Saturday, 24 September 2011

Surrealism, Erotica, Burgers and Cyberpunk - Updates and Latest Additions

You've no doubt heard the old London bus adage about waiting for ages, only for three to turn up at once. Well, it's been a bit like that here lately - not with buses, you understand. This week we've added no less than four new authors and nine new publications.

One of these is No Dice, which I've already posted about, so I won't say any more on that, other than recommending that you buy it - just 86p for the Kindle Edition? What a bargain!

Anyway, on with the task at hand:

As suggested by the title, this collection of "nine sizzling tales of love and lust" is one for the adult audience (specifically: those who enjoy erotica). A quick visit to Sharazade's blog finds her participating in a 'Hands-on Kink' workshop at the recent Erotic Authors Association conference - confirmation that the author has a firm grasp (ahem) of erotic fiction and takes her research very seriously!

Transported is available in a variety of formats (Paperback, Kindle, ePub, RTF, PDF, PDB and Plain Text), from around 5.00 USD (3.50 GBP) for electronic versions and 7.93 GBP (Amazon UK) / 10.07 USD (Amazon.com) for the paperback.



I'll confess straight up that I haven't read this yet, as I've been reviewing Automatic Assassin (see below), but I have just bought the Kindle edition, based on the reviews on the Amazon.com page for the paperback edition. Needless to say (as I wouldn't have added it to the site / bought it otherwise), the reviewers are unanimous in their opinion that this is an excellent debut novel from 'an author to look out for'. Some even go as far as to say that it doesn't read like a debut novel at all.

"A largely forgotten and apparently ordinary street, Ivetha has a strange, unexpected effect upon the people who happen to encounter it...": this intellectual, surreal compendium of characters' encounters with Ivetha is literary fiction, which is a refreshing change, especially as it's priced within the pop fiction bracket.

Ivetha is available in both Paperback (11.99 USD - Amazon.com) and Kindle editions (1.40 GBP - Amazon UK; 2.29 USD - Amazon.com).





These two novels constitute the first two parts of the Truxxe Trilogy, following the adventures of Tom Bowler, "young, polite and intelligent" and recently employed burger boy in an intergalactic fast food restaurant.

The Truxxe Trilogy is a humourous space adventure, aimed at late teenage - adult readers, with part 3 currently underway. If you're quick, you can also get a signed copy of parts 1 and 2 for a mere 9.99 GBP each!

All Aliens Like Burgers:
Signed Paperback Edition (Amazon UK)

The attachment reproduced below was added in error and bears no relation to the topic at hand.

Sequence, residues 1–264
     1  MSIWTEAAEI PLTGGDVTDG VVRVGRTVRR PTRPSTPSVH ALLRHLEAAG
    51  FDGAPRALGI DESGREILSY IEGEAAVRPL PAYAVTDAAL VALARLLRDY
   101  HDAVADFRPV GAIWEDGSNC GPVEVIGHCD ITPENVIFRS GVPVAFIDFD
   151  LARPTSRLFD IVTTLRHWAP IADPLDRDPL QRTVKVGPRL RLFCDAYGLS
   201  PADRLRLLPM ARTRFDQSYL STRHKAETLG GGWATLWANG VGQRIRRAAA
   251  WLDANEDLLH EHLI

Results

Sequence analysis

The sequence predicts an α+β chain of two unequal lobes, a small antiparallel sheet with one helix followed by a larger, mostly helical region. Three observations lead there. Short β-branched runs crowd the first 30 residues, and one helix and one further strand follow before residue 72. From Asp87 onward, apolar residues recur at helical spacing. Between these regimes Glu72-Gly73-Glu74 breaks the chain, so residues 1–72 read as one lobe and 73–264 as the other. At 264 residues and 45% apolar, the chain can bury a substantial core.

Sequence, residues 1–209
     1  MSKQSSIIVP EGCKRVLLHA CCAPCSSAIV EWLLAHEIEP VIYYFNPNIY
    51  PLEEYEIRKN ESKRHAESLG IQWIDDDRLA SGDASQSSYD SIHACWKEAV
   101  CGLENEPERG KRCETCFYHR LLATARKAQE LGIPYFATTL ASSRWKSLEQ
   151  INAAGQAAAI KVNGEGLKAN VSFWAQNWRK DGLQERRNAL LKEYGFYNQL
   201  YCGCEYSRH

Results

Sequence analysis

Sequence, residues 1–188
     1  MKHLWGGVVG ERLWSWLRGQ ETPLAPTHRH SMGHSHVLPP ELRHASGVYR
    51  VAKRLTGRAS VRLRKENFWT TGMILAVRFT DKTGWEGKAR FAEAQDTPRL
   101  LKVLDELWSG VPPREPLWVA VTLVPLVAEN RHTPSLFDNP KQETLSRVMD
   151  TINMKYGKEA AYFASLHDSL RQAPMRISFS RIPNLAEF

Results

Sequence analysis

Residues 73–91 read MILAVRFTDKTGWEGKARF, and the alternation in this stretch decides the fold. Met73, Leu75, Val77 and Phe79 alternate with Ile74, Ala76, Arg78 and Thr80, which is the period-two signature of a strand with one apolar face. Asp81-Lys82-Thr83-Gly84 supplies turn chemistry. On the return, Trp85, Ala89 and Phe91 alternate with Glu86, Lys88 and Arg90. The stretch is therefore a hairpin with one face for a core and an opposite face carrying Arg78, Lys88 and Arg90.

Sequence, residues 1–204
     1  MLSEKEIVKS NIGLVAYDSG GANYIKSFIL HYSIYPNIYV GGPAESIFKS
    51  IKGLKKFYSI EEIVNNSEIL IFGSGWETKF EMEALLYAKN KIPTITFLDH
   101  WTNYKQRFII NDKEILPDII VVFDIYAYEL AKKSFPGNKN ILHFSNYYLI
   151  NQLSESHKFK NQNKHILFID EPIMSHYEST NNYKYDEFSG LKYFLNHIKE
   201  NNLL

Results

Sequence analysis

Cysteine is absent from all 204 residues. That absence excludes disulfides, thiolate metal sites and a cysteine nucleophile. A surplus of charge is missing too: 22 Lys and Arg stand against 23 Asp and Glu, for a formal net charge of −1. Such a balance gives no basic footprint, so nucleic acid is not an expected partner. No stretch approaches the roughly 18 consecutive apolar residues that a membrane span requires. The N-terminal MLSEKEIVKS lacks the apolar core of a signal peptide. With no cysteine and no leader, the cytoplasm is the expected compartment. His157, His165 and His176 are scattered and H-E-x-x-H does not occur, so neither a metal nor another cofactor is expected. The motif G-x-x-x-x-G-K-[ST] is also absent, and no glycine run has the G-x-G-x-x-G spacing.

Audio Book (SpokenWordAudio)

Do Aliens Read Sci-Fi:
Signed Paperback Edition (Amazon UK)



Automatic Assassin (plus 3 other titles and a freebie) by Marc Horne
Marc Horne claims that he "slowly writes novels and then gives them away", which isn't strictly true, although the first contact I had with Marc did involve him pointing me in the direction of Nervous Teeth Drink All The Poison - a collection of short stories that is indeed free. I'd also contend that he doesn't write slowly either, given that all of the titles available were published in the past 4 years.

Regardless of the (at least partly) misleading self-description, it's absolutely true to say that Marc Horne is a very talented and diverse author. Nervous Teeth is an utterly bizarre and subsequently hilarious collection of short stories, with the pre-requisite and much needed disclaimer about characterisation. Look out particularly for 'Morrisey Under Pressure: A Science Fiction Adventure' - and yes, that is our gladioli flinging Brit icon in the flesh, more or less.

Notwithstanding Marc Horne's capacity to give away his toils for free, he deserves to make a bit of money along the way, so I recommend that you buy yourself a copy of Automatic Assassin, which Horne describes as "A cyberpunk space opera about Xolo, a man who replaced his conscience with a machine". This time he's telling the truth, yet there is so much more to this book, due to the author's ability to coherently weave social commentary, humour, philosophy and zombies into a single plot (full review on Amazon.co.uk).

Automatic Assassin:
Kindle Edition - 1.71 GBP (Amazon UK); 2.76 USD (Amazon.com)
Paperback - 9.99 USD (Amazon.com)

Also by Marc Horne:


Finally...
I've finished the Free Reads page on the Beaten Track website and populated it with a few classics, courtesy of Project Gutenberg.

If you would like to recommend your own or other work that is available for free, just send us the details via this link: Free Reads Form.

Monday, 19 September 2011

Review of A1CS X220 Tablet

A1CS X220 v2 CAPACITIVE MULTI-TOUCH TABLET 10.2" ANDROID 2.2, WIFI, MIFI, HDMI, 1080P WITH CAM

I wanted a tablet. I really, really wanted a tablet. But I couldn't afford to buy one, so I wandered the internet, lost and aimless, coveting all the lovely tablets I couldn't have, knowing that my life would remain meaningless until I made one mine.

In my determination, I toiled hard, saving up points on market research sites and converting them to Amazon vouchers. I implored my family to give me vouchers for my birthday and finally, as the month of August relented on its struggle to keep back the autumn, I gathered together all that I had accumulated and returned once more to gaze upon my beloved.

Yes, well... suffice to say, I've spent many months researching tablets, trying to find the one that best suited my requirements and I'm absolutely sure I made the right choice when I opted for the A1CS tablet. What follows is a full review based of my usage of the tablet so far (2 weeks) and my contact with A1CS, whose customer service has been exceptional. However, I will start with a brief explanation of why I chose this particular model.